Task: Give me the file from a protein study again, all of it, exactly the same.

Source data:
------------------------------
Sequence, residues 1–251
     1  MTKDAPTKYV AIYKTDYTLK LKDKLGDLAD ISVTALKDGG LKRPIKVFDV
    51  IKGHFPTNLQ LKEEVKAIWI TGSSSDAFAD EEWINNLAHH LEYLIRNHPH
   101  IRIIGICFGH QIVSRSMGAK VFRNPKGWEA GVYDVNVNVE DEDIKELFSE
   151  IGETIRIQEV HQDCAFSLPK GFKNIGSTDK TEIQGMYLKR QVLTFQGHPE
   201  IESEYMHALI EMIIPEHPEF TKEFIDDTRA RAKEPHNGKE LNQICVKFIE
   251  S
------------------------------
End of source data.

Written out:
Sequence, residues 1–251
     1  MTKDAPTKYV AIYKTDYTLK LKDKLGDLAD ISVTALKDGG LKRPIKVFDV
    51  IKGHFPTNLQ LKEEVKAIWI TGSSSDAFAD EEWINNLAHH LEYLIRNHPH
   101  IRIIGICFGH QIVSRSMGAK VFRNPKGWEA GVYDVNVNVE DEDIKELFSE
   151  IGETIRIQEV HQDCAFSLPK GFKNIGSTDK TEIQGMYLKR QVLTFQGHPE
   201  IESEYMHALI EMIIPEHPEF TKEFIDDTRA RAKEPHNGKE LNQICVKFIE
   251  S